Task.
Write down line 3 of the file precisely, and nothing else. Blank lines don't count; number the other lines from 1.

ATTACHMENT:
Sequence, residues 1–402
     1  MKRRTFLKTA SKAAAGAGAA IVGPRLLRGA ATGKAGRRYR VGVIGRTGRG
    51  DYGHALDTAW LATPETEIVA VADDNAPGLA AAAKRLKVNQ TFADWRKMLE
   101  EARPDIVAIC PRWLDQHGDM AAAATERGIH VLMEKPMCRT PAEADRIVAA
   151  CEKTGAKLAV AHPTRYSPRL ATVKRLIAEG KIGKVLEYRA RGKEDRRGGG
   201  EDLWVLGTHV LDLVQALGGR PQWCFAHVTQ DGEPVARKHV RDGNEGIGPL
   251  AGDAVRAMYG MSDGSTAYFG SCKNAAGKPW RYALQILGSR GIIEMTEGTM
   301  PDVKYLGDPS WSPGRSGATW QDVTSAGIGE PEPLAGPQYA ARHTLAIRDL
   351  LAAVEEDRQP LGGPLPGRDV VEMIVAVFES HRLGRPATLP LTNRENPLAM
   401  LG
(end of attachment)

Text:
    51  DYGHALDTAW LATPETEIVA VADDNAPGLA AAAKRLKVNQ TFADWRKMLE